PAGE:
Sharpe began his career with Starlift steelband where he worked as a co-arranger with Ray Holman. He is most strongly associated with the Phase II Pan Groove Steel Orchestra, a band he has taken to several finals of the Panorama steelband competition, as well as winning the first place in 1987 and 1988. He does not teach steelpan privately one on one, he teaches steelpan publicly at the panyard. Boogsie started to play steelpan at a young age when he was just four years old. He used to play with the Invaders, then he went to Starlift, the steelband with which Ray Holman was taking the revolutionary step of composing music specifically for the instrument. Boogsie wanted to continue what Ray Holman had started by starting his own steelband in 1972. Boogsie was not taught how to play steelpan, he just listened to the sounds on the street and taking part of jazz sessions on his steelpan with other musicians. Even though Boogsie can not read or write music his musical sense is very highly developed.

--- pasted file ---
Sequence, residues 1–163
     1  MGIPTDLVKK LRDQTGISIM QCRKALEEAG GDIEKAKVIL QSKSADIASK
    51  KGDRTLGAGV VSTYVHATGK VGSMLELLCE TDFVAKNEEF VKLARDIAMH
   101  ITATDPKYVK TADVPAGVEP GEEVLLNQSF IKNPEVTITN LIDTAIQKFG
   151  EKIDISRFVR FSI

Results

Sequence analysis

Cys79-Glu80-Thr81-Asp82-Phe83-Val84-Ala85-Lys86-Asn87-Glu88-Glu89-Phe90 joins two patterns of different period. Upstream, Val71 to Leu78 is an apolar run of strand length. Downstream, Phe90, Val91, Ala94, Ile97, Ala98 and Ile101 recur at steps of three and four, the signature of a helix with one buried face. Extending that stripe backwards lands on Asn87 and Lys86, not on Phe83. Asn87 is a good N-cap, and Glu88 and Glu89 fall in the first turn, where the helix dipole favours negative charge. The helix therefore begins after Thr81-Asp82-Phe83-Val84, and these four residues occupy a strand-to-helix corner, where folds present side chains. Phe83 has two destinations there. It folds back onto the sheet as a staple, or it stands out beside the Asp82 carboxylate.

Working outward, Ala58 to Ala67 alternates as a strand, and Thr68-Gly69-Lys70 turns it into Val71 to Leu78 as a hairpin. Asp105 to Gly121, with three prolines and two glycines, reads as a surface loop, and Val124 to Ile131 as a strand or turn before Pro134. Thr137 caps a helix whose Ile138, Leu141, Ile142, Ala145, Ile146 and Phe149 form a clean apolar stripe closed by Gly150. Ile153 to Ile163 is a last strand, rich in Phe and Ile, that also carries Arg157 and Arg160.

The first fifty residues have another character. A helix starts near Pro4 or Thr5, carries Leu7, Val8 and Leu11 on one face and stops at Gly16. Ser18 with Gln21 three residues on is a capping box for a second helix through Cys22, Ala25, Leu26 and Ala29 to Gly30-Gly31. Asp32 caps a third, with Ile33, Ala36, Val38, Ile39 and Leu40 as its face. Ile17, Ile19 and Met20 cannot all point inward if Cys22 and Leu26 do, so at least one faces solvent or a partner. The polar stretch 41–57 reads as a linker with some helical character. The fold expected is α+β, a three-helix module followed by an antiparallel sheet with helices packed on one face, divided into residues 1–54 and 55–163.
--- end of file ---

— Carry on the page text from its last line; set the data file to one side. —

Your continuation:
Here is a very nice description of one of Boogsie’s concerts from a Boogsie-watcher: “With arrangements of high tenors, double-tenors and guitarpans, Boogsie led with Valentino’s Life Is a Stage, playing the different pans in a jazzy interpretation and using the pitch of each pan to highly dramatic effect. Then, he switched to Relator’s Gavaskar. The finely tuned pans answered his every call of musical expression — forte to pianissimo. But it was when Boogsie, member/arranger of Phase II Pan Groove, switched from Terror’s 'Pan Talent' to Kitchener’s 'Sweet Pan' that the capacity audience roared its acclaim of the versatility. More was yet to come. Next, Boogsie was playing the high tenor pan held upside down by an assistant. In other words, he was playing the tune on the bottom side of the pan. He then ventured into extemporaneous musical expressions that brought the crowd to its feet. For the finale, he sobered the crowd with an exhilarating performance of his own 1984 composition, 'I Music' — this time playing the pans from the front side of the instruments, rather than from behind the pans — the customary position. By the close of his half-hour performance, this superstar of second-generation panmen was as fresh as when he had started.”
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